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Film Holder for Scanning with a DSLR

by pauloricca, published

Film Holder for Scanning with a DSLR by pauloricca May 13, 2012

Description

A Film holder to use when scanning fim with a digital camera.

Recent Comments

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Hey Jay, Thank you! There ya go, attached a pdf ;)
It doesn't fit an A4 though.. you may have to make some changes to it

I love this tutorial and am really excited to make one of these for myself. Unfortunately I don't have Illustrator or a CAD program so I can't open your files! It has been a bit of a nightmare to print. I'm going to battle on but could you upload a simpler file (like a word or pdf file) of the correct size to print? Thank you so much!

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Instructions

Cut the pieces in mdf or other material of your choice.
The top right rectangle is meant to be cut on white acrylic to serve as a light diffuser. The white acrylic is helpful but not mandatory, any other type of difusion can be used, such as using the sky or a white wall as background!
Black lines are for cutting and Red for engraving (In case they don't appear as red for some reason, these are the 8 horizontal lines inside the film holder rectangles). I engrave lines with the "cut" option of the laser cutter at low-power and high-speed.

This Thing includes two film holders: one for 135 (35mm) and another for 120 type film. I taped the surfaces where the film comes in contact with the mdf to avoid scratches. The film holders should be put together in the following layers:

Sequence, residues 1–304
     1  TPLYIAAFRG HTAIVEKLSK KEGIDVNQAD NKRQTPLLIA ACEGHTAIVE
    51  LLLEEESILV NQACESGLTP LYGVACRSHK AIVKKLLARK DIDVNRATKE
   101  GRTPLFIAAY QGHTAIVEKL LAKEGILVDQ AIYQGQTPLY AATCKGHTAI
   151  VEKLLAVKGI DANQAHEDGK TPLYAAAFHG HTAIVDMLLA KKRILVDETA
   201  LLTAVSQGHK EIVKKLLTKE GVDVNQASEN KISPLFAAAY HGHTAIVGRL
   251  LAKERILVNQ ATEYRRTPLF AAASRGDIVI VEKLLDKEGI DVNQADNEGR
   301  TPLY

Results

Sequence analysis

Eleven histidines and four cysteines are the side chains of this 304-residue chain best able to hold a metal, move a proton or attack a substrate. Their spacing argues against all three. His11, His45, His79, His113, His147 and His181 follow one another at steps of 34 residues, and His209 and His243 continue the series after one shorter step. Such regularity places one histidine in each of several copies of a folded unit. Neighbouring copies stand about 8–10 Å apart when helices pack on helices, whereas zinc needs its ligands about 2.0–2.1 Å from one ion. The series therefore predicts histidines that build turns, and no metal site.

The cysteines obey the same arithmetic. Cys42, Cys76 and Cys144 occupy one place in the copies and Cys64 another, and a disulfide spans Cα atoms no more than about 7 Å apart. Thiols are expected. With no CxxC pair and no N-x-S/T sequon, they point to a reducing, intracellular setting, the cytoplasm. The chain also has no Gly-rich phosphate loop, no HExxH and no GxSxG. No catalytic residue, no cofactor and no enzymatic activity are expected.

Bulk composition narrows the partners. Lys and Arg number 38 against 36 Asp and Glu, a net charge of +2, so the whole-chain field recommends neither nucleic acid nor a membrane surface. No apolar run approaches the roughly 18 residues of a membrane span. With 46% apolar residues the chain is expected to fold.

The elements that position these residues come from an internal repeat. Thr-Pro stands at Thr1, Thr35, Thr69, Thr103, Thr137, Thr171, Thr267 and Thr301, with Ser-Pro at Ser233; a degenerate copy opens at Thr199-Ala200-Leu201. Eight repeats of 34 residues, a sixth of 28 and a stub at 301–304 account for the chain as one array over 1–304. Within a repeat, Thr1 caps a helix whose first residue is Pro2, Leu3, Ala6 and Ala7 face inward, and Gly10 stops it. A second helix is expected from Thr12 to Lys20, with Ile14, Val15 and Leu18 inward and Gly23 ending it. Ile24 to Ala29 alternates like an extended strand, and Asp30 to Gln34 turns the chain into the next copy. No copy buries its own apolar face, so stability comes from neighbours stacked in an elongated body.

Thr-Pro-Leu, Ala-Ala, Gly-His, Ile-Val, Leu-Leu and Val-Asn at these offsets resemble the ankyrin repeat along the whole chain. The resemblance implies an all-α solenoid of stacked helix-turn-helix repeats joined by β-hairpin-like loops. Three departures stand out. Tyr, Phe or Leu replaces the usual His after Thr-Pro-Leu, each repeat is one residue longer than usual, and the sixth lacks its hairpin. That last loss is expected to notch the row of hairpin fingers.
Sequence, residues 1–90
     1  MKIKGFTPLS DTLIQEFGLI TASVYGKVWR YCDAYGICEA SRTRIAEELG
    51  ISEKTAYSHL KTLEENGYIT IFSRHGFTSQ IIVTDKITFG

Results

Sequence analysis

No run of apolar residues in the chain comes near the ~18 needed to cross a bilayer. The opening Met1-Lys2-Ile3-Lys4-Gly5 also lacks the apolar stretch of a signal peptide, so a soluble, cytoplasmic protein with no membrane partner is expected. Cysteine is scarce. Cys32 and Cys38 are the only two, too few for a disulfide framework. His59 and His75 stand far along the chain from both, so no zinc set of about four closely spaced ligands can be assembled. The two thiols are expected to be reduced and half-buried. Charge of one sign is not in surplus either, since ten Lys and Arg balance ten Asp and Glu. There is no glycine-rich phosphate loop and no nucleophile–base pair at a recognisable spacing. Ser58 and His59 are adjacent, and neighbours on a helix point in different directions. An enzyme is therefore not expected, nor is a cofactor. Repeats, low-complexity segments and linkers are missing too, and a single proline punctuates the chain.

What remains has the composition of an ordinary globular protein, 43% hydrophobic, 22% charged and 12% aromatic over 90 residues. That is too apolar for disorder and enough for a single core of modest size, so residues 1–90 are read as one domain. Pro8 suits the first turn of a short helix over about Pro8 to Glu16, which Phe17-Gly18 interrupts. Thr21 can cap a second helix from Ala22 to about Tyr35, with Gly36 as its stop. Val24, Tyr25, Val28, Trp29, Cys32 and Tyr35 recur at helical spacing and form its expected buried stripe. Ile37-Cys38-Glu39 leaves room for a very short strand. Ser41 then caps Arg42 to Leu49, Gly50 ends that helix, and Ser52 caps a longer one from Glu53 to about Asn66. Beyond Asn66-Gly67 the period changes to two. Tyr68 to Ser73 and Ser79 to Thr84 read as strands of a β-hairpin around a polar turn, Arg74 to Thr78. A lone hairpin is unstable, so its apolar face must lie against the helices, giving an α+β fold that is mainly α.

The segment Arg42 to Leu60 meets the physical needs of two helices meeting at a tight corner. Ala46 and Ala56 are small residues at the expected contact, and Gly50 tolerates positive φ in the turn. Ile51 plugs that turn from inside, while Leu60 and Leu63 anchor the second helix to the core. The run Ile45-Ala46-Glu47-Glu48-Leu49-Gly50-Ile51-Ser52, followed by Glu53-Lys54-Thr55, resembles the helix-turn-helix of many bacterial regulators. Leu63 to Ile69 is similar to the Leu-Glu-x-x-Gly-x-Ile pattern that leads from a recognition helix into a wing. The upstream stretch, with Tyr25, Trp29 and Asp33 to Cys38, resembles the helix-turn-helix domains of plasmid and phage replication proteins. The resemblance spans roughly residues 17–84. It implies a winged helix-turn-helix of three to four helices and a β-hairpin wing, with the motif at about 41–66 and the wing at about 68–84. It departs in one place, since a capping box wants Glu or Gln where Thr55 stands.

1. mdf film holder piece
2. double sided tape
3. a strip of thick paper or very thin cardboard (this is meant to create a gap between the boards and allow the film to slip through them)
4. double sided tape
5. mdf film holder piece
Use the engraved lines on the mdf film holder boards to align the double sided tape and the cardboards. the distance between these is the height of the different types of film.

The camera holder is built by gluing the long horizontal board to the small vertical strip using the small triangles. It's important to ensure that the two boards are glued at a 90º angle.

The camera is tighten to the board using a 1/4 screw that you can find on any hardware store or looking for "tripod 1/4 screw" on ebay. The camera holder, the film holder and the white acrylic are hold together with small plastic spring clamps.

Scanning is made by placing a flash behing the holder or pointing the contraption to other light source. It's important to set the camera to the warmest white balance setting. This photo was scanned with this method: flickr.com/photos/pauloricca/4964931173/

A full tutorial on how to use this or any other contraption to scan film negatives with a DSLR can be found here: pauloricca.com/index.php?a=blog&idpost=24

Comments

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jaysouth88 on Apr 19, 2013 said:

I love this tutorial and am really excited to make one of these for myself. Unfortunately I don't have Illustrator or a CAD program so I can't open your files! It has been a bit of a nightmare to print. I'm going to battle on but could you upload a simpler file (like a word or pdf file) of the correct size to print? Thank you so much!

pauloricca on Apr 19, 2013 said:

Hey Jay, Thank you! There ya go, attached a pdf ;)
It doesn't fit an A4 though.. you may have to make some changes to it

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